Movies, motives, mamma mia!

By  Mary Sawchuk, Youth Speak News
  • February 12, 2009
In my first lecture on religion and film in January, the professor had us question our attitudes towards culture through the use of movies. He said that film is the best medium to find out about the problems that exist within our culture. I agree with him, but only to an extent.

I saw his point about movies as the means for finding out problems in our culture, but as the class continued he failed to point out if it is necessary to have a lot of these problems exposed.

I would suggest that movies are a tool used by the filmmakers to manipulate viewpoints in society. Do people come to see certain action and attitudes as the “right thing” because their favourite actor or actress did it? 

Although many films reflect or present popular political or philosophical questions, many movies are presented in a questionable way. Increasingly, movies cannot seem to avoid scenes of seduction and unfaithful relationships that are often glorified. An example of this is the James Bond movies. Bond films depict the classical, universal idea of the struggle between good and evil, with James Bond emerging as the hero after his battle against the villains. And though perhaps the heated scenes, with Bond always getting the girl, are used as a way to depict Bond’s weaknesses, how much of these have to be shown on screen? I find that many scenes are unnecessary, and could be just as easily implied than shown. I think as people watch more and more movies they begin to accept whatever they see, particularly those who do not have the proper instruction or knowledge of ideas or concepts that are presented in films.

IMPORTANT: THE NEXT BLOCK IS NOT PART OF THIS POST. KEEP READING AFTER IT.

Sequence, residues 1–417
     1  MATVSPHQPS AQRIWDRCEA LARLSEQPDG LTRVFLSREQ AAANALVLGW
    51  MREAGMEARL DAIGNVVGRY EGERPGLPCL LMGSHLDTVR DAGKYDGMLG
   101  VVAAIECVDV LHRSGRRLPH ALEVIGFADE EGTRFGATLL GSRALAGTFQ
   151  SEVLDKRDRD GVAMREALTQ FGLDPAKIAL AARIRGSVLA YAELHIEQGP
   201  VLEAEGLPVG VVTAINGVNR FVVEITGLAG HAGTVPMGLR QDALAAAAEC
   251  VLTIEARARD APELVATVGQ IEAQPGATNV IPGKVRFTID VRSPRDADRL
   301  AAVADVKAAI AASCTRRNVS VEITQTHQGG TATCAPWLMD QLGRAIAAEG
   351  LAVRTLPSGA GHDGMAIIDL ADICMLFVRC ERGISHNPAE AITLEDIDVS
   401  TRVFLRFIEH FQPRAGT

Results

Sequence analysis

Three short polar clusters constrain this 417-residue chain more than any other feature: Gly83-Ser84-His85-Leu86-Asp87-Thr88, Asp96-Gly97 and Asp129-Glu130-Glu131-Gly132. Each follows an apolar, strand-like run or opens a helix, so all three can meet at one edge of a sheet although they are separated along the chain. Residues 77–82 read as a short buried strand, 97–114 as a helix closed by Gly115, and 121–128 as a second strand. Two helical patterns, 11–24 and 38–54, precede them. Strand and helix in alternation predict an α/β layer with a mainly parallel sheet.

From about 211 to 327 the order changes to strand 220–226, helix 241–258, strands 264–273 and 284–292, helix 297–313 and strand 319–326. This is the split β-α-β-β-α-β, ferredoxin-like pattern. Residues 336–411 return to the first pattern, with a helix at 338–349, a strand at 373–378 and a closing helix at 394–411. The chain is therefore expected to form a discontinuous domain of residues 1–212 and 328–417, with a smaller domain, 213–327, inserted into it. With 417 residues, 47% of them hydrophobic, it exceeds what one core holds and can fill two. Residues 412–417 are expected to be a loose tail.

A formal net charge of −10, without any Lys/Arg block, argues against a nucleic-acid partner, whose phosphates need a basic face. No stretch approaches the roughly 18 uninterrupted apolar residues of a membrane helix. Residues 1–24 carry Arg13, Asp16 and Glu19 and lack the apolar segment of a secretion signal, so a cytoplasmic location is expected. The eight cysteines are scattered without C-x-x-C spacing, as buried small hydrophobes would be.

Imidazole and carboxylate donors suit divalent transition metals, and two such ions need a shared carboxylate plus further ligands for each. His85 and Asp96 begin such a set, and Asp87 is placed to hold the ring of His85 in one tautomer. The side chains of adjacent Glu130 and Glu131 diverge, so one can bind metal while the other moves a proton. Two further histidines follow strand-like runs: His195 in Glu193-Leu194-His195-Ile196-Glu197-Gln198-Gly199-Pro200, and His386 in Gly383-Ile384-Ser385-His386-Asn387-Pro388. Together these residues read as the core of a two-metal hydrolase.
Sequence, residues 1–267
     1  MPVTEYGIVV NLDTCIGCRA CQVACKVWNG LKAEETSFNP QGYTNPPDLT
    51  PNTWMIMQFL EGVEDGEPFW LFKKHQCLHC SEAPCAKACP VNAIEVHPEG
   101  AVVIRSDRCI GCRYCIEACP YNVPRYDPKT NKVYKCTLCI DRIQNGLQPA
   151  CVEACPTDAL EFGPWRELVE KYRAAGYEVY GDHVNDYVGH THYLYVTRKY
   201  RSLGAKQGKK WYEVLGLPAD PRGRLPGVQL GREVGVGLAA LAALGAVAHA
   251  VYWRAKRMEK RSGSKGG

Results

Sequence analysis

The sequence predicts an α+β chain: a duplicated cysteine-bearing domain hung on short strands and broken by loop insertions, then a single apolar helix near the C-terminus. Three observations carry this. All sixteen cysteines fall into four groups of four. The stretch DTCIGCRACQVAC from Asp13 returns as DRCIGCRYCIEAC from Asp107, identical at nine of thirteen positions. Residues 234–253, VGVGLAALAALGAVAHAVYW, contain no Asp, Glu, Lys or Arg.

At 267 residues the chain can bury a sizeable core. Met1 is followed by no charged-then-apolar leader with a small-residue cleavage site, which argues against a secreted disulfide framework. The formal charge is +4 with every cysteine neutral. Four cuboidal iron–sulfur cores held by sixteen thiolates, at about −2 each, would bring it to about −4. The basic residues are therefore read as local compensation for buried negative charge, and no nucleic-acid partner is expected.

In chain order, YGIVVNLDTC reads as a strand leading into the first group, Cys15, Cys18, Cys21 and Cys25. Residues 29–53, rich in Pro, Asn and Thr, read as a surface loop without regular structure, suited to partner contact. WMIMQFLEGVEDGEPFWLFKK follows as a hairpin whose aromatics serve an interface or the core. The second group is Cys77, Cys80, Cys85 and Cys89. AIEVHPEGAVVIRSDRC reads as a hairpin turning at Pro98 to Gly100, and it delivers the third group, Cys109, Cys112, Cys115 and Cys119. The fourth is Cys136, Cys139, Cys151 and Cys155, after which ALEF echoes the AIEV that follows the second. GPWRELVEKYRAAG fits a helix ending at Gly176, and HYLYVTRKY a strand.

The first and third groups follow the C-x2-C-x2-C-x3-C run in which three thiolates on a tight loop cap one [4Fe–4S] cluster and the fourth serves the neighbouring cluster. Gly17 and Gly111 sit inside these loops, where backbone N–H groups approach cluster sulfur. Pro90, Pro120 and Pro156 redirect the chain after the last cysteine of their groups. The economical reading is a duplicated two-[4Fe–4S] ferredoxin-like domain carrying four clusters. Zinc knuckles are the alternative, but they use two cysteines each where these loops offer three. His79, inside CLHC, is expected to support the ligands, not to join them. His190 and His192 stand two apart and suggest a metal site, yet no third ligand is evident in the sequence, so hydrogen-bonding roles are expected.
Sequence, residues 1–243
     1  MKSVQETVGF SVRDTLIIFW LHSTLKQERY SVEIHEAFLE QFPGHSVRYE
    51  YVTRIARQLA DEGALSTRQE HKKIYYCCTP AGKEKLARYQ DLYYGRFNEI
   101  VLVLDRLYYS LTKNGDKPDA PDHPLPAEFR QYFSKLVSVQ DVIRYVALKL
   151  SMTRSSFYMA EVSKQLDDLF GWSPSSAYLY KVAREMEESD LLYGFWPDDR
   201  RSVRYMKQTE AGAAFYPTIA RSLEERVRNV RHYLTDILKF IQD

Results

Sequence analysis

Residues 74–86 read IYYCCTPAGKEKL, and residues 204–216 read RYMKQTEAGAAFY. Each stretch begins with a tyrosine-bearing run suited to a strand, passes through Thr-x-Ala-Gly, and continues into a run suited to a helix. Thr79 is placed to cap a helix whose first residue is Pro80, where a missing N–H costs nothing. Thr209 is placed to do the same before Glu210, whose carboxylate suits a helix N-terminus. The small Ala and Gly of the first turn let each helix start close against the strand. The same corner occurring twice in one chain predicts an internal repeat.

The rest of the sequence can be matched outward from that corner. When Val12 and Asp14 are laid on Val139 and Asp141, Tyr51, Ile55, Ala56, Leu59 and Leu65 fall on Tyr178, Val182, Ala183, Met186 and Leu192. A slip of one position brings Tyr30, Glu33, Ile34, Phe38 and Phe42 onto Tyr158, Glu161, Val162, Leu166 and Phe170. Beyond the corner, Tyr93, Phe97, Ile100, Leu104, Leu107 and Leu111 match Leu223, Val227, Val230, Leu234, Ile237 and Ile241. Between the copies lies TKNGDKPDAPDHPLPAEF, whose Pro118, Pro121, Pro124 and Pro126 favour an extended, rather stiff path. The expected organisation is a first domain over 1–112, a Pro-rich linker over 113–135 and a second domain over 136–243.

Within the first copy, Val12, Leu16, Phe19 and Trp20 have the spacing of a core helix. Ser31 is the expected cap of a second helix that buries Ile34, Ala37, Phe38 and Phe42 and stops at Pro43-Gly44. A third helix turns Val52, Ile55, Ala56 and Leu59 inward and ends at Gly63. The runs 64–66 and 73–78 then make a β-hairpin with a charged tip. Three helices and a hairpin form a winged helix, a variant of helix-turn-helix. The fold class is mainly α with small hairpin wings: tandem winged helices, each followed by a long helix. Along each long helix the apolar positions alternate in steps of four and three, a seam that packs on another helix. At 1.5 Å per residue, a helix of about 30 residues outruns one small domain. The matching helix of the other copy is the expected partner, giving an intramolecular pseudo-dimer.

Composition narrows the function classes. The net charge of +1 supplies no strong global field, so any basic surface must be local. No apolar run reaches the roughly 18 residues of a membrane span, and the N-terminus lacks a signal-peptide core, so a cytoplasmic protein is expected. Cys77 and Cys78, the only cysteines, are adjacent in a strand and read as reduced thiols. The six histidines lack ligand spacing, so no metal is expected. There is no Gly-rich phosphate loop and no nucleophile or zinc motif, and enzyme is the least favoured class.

An example of a movie that presents a moral question is the musical Mamma Mia! As much as it is an entertaining musical production, it treats immoral concepts lightheartedly. It opens with the scene of an engaged girl mailing three letters to three different men who all had  relationships with her mother. The daughter invites them to her wedding in Greece, with the intention of finding out which of the three is her father.

It concludes happily, but to me it was unsatisfactory. Being a musical, this movie has a positive tone, making it seem that despite what happens or has happened, everything is OK to do. 

Sometimes you don’t know what you will be faced with when watching a movie. What I do is consult the U.S. Conference of Catholic Bishops’ web site which provides information on films and their plots. This review section of their web site gives a rating and provides an idea of what can be expected and whether the film contains violence or sexual situations.

Reviews such as this and others do not give you an answer as to whether or not you should watch the movie. You make that decision for yourself. The reviews do provide a very basic outline of the plot and tell of questionable situations in the film.

There are excellent movies being made. When a new movie comes out and becomes popular why not ask the question how and why does this movie benefit or hinder my life, especially spiritually. 

(Sawchuk, 21, studies literature at Redeemer University College in Ancaster, Ont.)   

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